How a Charity Coalition Can Help the Community Cope with the Challenges of the Pandemic

 Damaris (Dammy) Sanchez, founder of I AM the Group Foundation, received the Tampa Bay Charity Coalition “Difference Maker Award” in October 2020.

Damaris (Dammy) Sanchez, founder of I AM the Group Foundation, received the Tampa Bay Charity Coalition “Difference Maker Award” in October 2020.

Launched in 2104, the Tampa Bay Charity Coalition has grown from 34 nonprofit members to more than 300 today.

Launched in 2104, the Tampa Bay Charity Coalition has grown from 34 nonprofit members to more than 300 today.

Monthly meetings in the ballroom of the Fort Harrison bring together like-minded groups to network and share their programs.

Monthly meetings in the ballroom of the Fort Harrison bring together like-minded groups to network and share their programs.

With six years experience networking philanthropic organizations, Tampa Bay Charity Coalition proves the value of working together for the community.

LOS ANGELES, CALIFORNIA, UNITED STATES, November 17, 2020 /EINPresswire.com/ — In many communities, the COVID-19 pandemic has left public services unable to cope. By providing a way to access information, resources and skills through networking like-minded organizations, charity coalitions can make all the difference in addressing critical problems.

Philanthropic organizations in the greater Tampa Bay Area have been doing just this since 2014 through monthly meetings hosted by the Church of Scientology in Clearwater at the iconic Fort Harrison. Each month, charities from across the region meet and network, exchange information and ideas, and coordinate activities.

The Tampa Bay Charity Coalition (TBCC) also awards outstanding achievements. For example, at last month’s meeting, they presented “Difference Maker Awards.”

Pinellas County Foster and Adoptive Parents Association was recognized for providing quality training, support and activities for members of foster and adoptive families.

Also awarded was the founder of I AM the Group Foundation’s Damaris (Dammy) Sanchez who formed her group in 2017 to assist those in need with “hope, skills and tools to get back on their feet and reintegrate in society.” She began her outreach in 2014 when she took on serving 120 homeless people once a week through Grace Family Church's Soup Kitchen and has continued her commitment to the community ever since.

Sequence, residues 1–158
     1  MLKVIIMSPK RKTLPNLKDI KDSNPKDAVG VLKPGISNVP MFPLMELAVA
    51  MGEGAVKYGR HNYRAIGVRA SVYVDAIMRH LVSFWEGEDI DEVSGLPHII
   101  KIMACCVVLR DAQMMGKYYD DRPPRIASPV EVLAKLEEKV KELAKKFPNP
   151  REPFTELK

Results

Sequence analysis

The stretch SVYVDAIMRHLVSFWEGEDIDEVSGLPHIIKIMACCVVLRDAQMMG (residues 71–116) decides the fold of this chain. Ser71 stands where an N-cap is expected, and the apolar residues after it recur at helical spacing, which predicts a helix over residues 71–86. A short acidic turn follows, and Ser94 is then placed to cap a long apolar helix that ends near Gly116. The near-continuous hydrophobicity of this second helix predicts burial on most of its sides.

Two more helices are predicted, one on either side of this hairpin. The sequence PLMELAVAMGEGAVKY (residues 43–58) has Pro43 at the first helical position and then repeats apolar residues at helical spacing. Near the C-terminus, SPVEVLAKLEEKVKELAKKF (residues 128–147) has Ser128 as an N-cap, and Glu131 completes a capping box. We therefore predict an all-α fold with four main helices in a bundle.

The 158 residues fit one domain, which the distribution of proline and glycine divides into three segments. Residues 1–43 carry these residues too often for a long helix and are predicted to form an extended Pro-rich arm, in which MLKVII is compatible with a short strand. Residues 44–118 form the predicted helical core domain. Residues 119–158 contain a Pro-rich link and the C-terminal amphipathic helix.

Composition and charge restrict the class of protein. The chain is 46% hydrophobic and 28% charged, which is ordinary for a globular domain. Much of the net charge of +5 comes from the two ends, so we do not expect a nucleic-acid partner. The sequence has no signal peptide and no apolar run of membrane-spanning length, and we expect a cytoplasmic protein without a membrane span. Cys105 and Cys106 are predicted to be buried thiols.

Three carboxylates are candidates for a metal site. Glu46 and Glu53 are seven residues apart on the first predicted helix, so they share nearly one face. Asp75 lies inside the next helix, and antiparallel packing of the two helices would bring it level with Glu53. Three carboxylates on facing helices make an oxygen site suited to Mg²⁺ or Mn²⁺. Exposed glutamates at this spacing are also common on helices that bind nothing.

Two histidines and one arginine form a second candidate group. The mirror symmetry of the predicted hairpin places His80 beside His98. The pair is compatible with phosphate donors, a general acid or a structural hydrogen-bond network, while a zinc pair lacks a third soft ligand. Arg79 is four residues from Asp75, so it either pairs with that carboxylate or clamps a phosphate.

With cases of COVID-19 surging now in many communities, a new project may appeal to charities that would like to coordinate their actions but are leery of meeting in person. TBCC came up with a plan to circumvent this problem. This week, they announced the December 16, 2020, launch of the new “Meet a Charity” program.

“Charities can participate by recording a two-minute video presenting themselves and their charities,” said TBCC Director Clemence Chevrot. “The video will be posted on the Coalition Facebook page enabling charities to connect with each other.”

Created to bring charities together to combine efforts and improve the community, the Tampa Bay Charity Coalition began with 38 nonprofits in 2014 and has grown to include more than 300 today.

The Church of Scientology has long been a hub for community involvement in Clearwater, Florida, home to the spiritual headquarters of the Church since 1975. In 2015, Mr. David Miscavige, ecclesiastical leader of the Scientology religion, dedicated an entire block of offices to make Church-sponsored humanitarian programs available to the Tampa Bay region. This was followed in 2018 with the opening of Clearwater Volunteers Center whose conference room and office facilities are available free of charge to nonprofits.

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Source: EIN Presswire